In the introduction to The Jazz Fiction Anthology, editors Sascha Feinstein and David Rife cite James Baldwin’s short story “Sonny’s Blues” as “the most famous jazz short story ever written,” and is pointed to by Baldwin biographer David Leeming as “the prologue to a dominant fictional motif in the overall Baldwin story, the relationship between two brothers that takes much of its energy from the close relationship between James and [brother] David Baldwin.” The story, originally published in Partisan Review in 1957, centers on the narrator’s need to, in Leeming’s words, “save his brother [Sonny] from the precariousness of his life as an artist.” Sonny, in turn, finds his voice by playing bebop in the Village, which results, according to Leeming, […] Continue reading »
December 5th marks the 41st anniversary of the bebop trumpeter Kenny Dorham’s death. Only 48 years old at the time of his passing from kidney disease, Dorham’s professional life enjoyed a great measure of respect from his fellow musicians, but, as Nat Hentoff pointed out in the liner notes to Dorham’s 1963 Blue Note recording Una Mas, “he has yet to break through to the kind of wide public acceptance which has occasionally seemed imminent.” His recordings are timeless – each and every one packed with delicious passion and brilliant playing that still sounds fresh — but Dorham never did “break through” in his lifetime, and continues to be classified by important jazz historians as “underrated.” In a Jerry Jazz Musician-hosted conversation on underrated jazz musicians, the most eminent jazz writer Gary Giddins said “when anybody wrote about [Dorham] […] Continue reading »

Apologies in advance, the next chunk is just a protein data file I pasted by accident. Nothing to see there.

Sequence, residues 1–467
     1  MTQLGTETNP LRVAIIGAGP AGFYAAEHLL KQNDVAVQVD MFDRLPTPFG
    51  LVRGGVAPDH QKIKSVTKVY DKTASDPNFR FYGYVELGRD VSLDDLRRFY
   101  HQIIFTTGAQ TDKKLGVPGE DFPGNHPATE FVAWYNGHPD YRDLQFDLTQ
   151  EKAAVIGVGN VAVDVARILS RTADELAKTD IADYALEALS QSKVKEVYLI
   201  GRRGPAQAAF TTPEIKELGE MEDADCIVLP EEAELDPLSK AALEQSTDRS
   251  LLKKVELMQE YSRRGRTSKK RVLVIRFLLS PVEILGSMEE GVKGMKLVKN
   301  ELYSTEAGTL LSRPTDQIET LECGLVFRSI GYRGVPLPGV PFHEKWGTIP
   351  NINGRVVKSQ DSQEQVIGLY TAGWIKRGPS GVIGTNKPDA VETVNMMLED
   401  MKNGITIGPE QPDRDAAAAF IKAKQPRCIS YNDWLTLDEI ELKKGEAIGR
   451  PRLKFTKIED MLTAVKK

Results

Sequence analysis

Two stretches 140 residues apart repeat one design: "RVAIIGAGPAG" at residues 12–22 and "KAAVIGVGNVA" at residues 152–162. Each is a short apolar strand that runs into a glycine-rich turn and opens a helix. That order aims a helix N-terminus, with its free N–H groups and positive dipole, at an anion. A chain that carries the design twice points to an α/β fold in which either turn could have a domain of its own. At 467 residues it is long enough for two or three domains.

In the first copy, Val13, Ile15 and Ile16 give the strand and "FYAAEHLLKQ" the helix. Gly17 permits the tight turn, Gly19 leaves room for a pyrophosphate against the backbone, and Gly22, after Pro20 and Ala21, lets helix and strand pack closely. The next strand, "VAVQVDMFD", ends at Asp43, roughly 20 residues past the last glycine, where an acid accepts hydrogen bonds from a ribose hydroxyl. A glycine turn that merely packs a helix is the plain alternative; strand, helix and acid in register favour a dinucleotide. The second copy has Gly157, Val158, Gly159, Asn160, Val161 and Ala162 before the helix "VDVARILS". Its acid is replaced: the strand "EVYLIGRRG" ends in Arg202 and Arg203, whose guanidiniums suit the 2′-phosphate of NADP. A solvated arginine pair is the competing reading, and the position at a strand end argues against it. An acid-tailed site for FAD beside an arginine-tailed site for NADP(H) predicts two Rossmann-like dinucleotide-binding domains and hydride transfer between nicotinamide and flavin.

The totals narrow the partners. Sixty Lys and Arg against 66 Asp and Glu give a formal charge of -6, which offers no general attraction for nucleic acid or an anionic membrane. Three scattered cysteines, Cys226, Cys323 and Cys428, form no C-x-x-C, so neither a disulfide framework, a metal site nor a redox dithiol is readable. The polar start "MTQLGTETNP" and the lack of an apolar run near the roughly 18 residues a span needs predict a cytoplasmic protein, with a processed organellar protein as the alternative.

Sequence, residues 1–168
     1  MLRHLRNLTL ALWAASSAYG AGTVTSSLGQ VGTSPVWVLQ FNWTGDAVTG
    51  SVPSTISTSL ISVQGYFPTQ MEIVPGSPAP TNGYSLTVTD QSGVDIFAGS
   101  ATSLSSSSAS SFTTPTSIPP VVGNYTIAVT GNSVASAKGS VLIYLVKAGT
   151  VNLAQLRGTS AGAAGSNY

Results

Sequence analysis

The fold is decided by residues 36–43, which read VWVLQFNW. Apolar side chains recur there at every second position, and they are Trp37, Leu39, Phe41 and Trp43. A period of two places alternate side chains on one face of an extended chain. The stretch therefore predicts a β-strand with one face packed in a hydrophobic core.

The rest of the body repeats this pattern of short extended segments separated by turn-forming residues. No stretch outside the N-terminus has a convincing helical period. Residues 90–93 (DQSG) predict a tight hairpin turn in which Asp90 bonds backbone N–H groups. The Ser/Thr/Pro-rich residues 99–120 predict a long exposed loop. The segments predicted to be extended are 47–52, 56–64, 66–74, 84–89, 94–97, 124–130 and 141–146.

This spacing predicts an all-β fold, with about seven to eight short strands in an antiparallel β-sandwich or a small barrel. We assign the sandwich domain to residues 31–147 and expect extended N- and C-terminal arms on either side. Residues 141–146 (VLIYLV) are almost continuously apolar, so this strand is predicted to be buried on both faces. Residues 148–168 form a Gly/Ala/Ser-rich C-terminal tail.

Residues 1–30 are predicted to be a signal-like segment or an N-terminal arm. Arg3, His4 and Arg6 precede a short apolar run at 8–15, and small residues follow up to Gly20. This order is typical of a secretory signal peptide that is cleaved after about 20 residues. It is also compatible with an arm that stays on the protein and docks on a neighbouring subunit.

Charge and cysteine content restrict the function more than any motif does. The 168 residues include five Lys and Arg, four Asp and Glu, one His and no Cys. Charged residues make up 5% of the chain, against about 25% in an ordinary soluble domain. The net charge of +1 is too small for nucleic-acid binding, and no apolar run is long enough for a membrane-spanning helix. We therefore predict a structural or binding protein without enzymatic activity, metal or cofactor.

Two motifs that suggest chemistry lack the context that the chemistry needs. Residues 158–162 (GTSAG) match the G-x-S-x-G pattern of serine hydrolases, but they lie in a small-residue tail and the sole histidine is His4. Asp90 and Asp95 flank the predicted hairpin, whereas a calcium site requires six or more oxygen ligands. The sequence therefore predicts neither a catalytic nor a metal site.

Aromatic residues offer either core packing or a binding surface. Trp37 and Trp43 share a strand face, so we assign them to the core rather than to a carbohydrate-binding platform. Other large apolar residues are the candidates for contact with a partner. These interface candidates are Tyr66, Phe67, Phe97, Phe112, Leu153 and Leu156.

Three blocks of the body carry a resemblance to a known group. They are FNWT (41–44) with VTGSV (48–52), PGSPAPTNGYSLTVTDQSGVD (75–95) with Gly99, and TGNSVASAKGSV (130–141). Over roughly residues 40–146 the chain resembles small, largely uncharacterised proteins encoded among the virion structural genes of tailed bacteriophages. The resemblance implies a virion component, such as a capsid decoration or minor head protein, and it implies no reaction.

Eddie Condon — a great guitarist/banjoist/bandleader of the Jazz Age era — recalls the day in Chicago in 1922 when he first met and heard the cornetist Bix Beiderbecke.
As told in Remembering Bix: A Memoir of the Jazz Age by Ralph Berton
One day Pee Wee Rank, a drummer, called me from Chicago. “How would you like to play in Syracuse?” He was on his way to the Tri-Cities – Rock Island, Moline, and Davenport – to round up talent…”Meet me at the LaSalle Street Station at eight o’clock tomorrow night.” […] Continue reading »
by Gregory Corso
Your sound is faultless
pure & round
Your sound is your sound
true & from within
soulful & lovely
Poet whose sound is played
lost or recorded
[…] Continue reading »
Before working with Woody Herman (and eventually marrying his singer Frances Wayne), this renowned composer/arranger contributed arrangements to Earl Hines’ big band, and subsequently played trumpet with, among others, Charlie Barnet, Horace Heidt and Charlie Spivak. Who was he?
Eddie Sauter […] Continue reading »